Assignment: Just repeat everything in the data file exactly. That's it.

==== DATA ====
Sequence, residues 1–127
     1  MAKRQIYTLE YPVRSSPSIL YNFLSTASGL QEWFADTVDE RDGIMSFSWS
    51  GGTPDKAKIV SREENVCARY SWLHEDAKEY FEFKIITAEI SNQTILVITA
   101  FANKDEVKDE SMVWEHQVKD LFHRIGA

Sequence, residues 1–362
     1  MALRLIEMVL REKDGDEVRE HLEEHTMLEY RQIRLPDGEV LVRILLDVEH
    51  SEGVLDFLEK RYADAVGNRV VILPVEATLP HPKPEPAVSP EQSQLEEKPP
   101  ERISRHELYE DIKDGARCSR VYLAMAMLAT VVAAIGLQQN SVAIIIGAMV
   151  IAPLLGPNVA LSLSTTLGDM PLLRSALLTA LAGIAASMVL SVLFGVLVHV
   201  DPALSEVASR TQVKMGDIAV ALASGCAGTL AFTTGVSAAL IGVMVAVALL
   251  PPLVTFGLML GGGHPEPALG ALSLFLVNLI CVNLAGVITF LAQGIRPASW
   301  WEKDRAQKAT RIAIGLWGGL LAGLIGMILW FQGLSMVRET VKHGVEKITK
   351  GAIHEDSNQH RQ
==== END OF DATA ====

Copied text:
Sequence, residues 1–127
     1  MAKRQIYTLE YPVRSSPSIL YNFLSTASGL QEWFADTVDE RDGIMSFSWS
    51  GGTPDKAKIV SREENVCARY SWLHEDAKEY FEFKIITAEI SNQTILVITA
   101  FANKDEVKDE SMVWEHQVKD LFHRIGA

Sequence, residues 1–362
     1  MALRLIEMVL REKDGDEVRE HLEEHTMLEY RQIRLPDGEV LVRILLDVEH
    51  SEGVLDFLEK RYADAVGNRV VILPVEATLP HPKPEPAVSP EQSQLEEKPP
   101  ERISRHELYE DIKDGARCSR VYLAMAMLAT VVAAIGLQQN SVAIIIGAMV
   151  IAPLLGPNVA LSLSTTLGDM PLLRSALLTA LAGIAASMVL SVLFGVLVHV
   201  DPALSEVASR TQVKMGDIAV ALASGCAGTL AFTTGVSAAL IGVMVAVALL
   251  PPLVTFGLML GGGHPEPALG ALSLFLVNLI CVNLAGVITF LAQGIRPASW
   301  WEKDRAQKAT RIAIGLWGGL LAGLIGMILW FQGLSMVRET VKHGVEKITK
   351  GAIHEDSNQH RQ